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A Closer Look at Methods and Classes

Have you ever wanted to get an in-depth understanding of methods and classes in Java? Look no further. This article is excerpted from chapter 7 of Java: the Complete Reference, J2SE 5 Edition, written by Herbert Schildt (McGraw-Hill/Osborne, 2004; ISBN: 0072230738). 

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By: McGraw-Hill/Osborne
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June 30, 2005
  1. · A Closer Look at Methods and Classes
  2. · Overloading Constructors
  3. · Using Objects as Parameters
  4. · A Closer Look at Argument Passing
  5. · Returning Objects
  6. · Recursion
  7. · Introducing Access Control
  8. · Understanding static
  9. · Introducing final
  10. · Introducing Nested and Inner Classes
  11. · Exploring the String Class
  12. · Using Command-Line Arguments

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A Closer Look at Methods and Classes - Recursion
(Page 6 of 12 )

Java supports recursion. Recursion is the process of defining something in terms of itself. As it relates to Java programming, recursion is the attribute that allows a method to call itself. A method that calls itself is said to be recursive.

The classic example of recursion is the computation of the factorial of a number. The factorial of a number N is the product of all the whole numbers between 1 and N. For example, 3 factorial is 1 × 2 × 3, or 6. Here is how a factorial can be computed by use of a recursive method:

// A simple example of recursion.
class Factorial {
// this is a recursive function
int fact(int n) {
int result;
if(n==1) return 1;
result = fact(n-1) * n;
return result;
class Recursion {
  public static void main(String args[]) {
    Factorial f = new Factorial();
System.out.println("Factorial of 3 is " + f.fact(3));
System.out.println("Factorial of 4 is " + f.fact(4));
System.out.println("Factorial of 5 is " + f.fact(5));

The output from this program is shown here:

Factorial of 3 is 6
Factorial of 4 is 24
Factorial of 5 is 120

If you are unfamiliar with recursive methods, then the operation of fact( ) may seem a bit confusing. Here is how it works. When fact( ) is called with an argument of 1, the function returns 1; otherwise it returns the product of fact(n–1)*n. To evaluate this expression, fact( ) is called with n1. This process repeats until n equals 1 and the calls to the method begin returning.

To better understand how the fact( ) method works, let’s go through a short example. When you compute the factorial of 3, the first call to fact( ) will cause a second call to be made with an argument of 2. This invocation will cause fact( ) to be called a third time with an argument of 1. This call will return 1, which is then multiplied by 2 (the value of n in the second invocation). This result (which is 2) is then returned to the original invocation of fact( ) and multiplied by 3 (the original value of n). This yields the answer, 6. You might find it interesting to insert println( ) statements into fact( ) which will show at what level each call is and what the intermediate answers are.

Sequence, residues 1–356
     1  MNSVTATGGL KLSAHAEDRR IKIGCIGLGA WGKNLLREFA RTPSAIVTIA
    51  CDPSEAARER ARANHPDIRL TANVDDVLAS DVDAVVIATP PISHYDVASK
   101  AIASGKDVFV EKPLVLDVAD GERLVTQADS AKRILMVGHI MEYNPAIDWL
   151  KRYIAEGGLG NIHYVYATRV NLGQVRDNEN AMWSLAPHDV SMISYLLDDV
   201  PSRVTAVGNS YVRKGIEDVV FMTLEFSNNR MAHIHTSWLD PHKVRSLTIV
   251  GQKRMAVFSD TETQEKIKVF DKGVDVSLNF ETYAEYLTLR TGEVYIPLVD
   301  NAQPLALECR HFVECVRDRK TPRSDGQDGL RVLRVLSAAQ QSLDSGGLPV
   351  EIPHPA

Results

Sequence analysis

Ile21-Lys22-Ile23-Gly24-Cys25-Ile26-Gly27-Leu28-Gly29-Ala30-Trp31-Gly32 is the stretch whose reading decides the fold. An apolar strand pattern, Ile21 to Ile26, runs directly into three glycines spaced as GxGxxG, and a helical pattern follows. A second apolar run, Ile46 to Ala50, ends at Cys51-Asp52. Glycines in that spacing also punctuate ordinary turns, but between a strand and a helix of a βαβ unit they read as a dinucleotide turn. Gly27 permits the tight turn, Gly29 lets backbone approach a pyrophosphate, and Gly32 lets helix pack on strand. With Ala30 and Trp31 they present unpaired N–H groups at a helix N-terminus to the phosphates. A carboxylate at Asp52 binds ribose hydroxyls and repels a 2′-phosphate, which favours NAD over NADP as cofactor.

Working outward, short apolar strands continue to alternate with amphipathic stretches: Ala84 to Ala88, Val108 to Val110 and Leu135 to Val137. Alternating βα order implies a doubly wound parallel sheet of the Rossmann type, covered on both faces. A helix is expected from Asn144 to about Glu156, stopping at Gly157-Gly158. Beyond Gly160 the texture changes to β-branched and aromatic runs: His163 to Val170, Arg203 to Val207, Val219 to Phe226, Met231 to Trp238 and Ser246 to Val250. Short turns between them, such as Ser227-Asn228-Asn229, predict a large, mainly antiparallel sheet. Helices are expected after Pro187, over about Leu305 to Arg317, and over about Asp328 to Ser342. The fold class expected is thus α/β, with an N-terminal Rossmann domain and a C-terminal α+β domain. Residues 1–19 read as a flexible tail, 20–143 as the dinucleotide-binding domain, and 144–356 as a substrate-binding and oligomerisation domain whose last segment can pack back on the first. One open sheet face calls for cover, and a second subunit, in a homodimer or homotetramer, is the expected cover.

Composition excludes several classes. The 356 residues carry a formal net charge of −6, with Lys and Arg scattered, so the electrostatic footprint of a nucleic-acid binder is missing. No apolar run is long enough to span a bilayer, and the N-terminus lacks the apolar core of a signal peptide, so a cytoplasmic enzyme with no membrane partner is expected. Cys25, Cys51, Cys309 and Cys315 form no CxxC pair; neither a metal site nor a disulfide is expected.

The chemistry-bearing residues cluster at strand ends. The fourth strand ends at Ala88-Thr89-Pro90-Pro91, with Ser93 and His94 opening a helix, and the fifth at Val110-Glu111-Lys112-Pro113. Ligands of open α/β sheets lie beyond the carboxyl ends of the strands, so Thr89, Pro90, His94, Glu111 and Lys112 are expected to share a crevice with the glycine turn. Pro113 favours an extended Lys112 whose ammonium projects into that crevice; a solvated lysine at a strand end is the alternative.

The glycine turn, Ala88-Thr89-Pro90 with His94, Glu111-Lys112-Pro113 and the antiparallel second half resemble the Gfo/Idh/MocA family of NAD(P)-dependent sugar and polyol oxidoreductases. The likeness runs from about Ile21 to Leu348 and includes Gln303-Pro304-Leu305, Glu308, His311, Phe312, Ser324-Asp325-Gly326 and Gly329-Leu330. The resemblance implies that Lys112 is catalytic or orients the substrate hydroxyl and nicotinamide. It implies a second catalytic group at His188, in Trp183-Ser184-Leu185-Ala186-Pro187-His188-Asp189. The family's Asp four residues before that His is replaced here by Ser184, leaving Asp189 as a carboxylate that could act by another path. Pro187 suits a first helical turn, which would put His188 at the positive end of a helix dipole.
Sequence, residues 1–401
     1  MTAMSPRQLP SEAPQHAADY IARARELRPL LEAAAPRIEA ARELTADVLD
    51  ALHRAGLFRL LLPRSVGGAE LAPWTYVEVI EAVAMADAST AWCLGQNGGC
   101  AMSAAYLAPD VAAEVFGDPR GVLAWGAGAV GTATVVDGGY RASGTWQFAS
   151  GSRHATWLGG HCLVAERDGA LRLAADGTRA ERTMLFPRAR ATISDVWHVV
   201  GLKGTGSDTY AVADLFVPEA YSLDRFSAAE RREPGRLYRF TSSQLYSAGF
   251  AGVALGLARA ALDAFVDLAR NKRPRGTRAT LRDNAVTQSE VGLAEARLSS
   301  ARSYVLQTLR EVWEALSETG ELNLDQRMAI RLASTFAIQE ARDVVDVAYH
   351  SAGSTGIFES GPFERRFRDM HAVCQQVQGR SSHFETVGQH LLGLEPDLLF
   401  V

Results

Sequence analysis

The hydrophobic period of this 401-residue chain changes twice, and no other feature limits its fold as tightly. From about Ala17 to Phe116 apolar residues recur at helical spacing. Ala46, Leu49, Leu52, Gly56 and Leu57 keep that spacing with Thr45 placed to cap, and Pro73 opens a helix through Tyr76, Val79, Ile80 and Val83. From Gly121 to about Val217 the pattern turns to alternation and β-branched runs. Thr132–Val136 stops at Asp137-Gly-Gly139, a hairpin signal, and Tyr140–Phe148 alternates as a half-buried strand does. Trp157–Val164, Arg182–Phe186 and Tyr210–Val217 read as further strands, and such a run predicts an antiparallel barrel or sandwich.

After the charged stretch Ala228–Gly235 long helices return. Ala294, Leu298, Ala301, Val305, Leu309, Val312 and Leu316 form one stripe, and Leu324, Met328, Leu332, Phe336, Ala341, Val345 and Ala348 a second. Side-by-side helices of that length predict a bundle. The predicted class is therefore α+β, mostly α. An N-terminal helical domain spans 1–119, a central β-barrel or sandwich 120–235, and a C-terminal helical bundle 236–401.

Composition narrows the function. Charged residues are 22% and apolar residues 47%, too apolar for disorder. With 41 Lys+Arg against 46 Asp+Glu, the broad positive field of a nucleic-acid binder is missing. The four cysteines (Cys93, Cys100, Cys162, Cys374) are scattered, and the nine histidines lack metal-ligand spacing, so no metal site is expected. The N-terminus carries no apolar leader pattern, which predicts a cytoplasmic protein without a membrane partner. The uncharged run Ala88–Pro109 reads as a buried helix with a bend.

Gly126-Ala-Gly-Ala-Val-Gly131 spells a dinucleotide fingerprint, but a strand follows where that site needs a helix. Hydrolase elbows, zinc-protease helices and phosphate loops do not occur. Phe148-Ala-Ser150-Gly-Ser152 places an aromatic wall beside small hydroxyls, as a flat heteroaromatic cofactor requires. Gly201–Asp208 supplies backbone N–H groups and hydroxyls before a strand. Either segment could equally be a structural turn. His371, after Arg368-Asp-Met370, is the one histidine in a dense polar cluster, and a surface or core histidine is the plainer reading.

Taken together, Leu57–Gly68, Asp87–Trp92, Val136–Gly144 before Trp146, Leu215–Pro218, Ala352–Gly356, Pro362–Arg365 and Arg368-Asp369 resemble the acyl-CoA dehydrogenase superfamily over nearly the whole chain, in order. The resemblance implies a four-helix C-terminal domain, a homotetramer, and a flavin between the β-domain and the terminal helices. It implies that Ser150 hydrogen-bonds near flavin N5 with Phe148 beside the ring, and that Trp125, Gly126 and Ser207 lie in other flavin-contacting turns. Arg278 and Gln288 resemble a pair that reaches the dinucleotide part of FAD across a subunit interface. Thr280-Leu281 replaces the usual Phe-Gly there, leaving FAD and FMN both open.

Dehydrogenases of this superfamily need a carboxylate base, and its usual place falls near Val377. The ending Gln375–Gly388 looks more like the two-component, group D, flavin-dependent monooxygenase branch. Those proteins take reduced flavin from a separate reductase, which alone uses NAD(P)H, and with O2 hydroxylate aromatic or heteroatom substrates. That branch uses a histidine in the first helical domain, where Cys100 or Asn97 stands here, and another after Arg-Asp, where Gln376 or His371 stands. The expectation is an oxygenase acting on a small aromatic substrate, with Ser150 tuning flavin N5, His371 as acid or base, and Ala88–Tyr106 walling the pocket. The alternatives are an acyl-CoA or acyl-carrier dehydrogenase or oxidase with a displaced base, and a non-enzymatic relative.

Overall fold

When a method calls itself, new local variables and parameters are allocated storage on the stack, and the method code is executed with these new variables from the start. A recursive call does not make a new copy of the method. Only the arguments are new. As each recursive call returns, the old local variables and parameters are removed from the stack, and execution resumes at the point of the call inside the method. Recursive methods could be said to “telescope” out and back.

Recursive versions of many routines may execute a bit more slowly than the iterative equivalent because of the added overhead of the additional function calls. Many recursive calls to a method could cause a stack overrun. Because storage for parameters and local variables is on the stack and each new call creates a new copy of these variables, it is possible that the stack could be exhausted. If this occurs, the Java run-time system will cause an exception. However, you probably will not have to worry about this unless a recursive routine runs wild.

The main advantage to recursive methods is that they can be used to create clearer and simpler versions of several algorithms than can their iterative relatives. For example, the QuickSort sorting algorithm is quite difficult to implement in an iterative way. Some problems, especially AI-related ones, seem to lend themselves to recursive solutions. Finally, some people seem to think recursively more easily than iteratively.

When writing recursive methods, you must have an if statement somewhere to force the method to return without the recursive call being executed. If you don’t do this, once you call the method, it will never return. This is a very common error in working with recursion. Use println( ) statements liberally during development so that you can watch what is going on and abort execution if you see that you have made a mistake.

Here is one more example of recursion. The recursive method printArray( ) prints the first i elements in the array values.

// Another example that uses recursion.
class RecTest {
  int values[];
RecTest(int i) {
    values = new int[i];
// display array -- recursively
void printArray(int i) {
    if(i==0) return;
    else printArray(i-1);
    System.out.println("[" + (i-1) + "] " + values[i-1]);
class Recursion2 {
public static void main(String args[]) {
    RecTest ob = new RecTest(10);
    int i;
for(i=0; i<10;; i++) ob.values[i] = i;

This program generates the following output:

[0] 0
[1] 1
[2] 2
[3] 3
[4] 4
[5] 5
[6] 6
[7] 7
[8] 8
[9] 9

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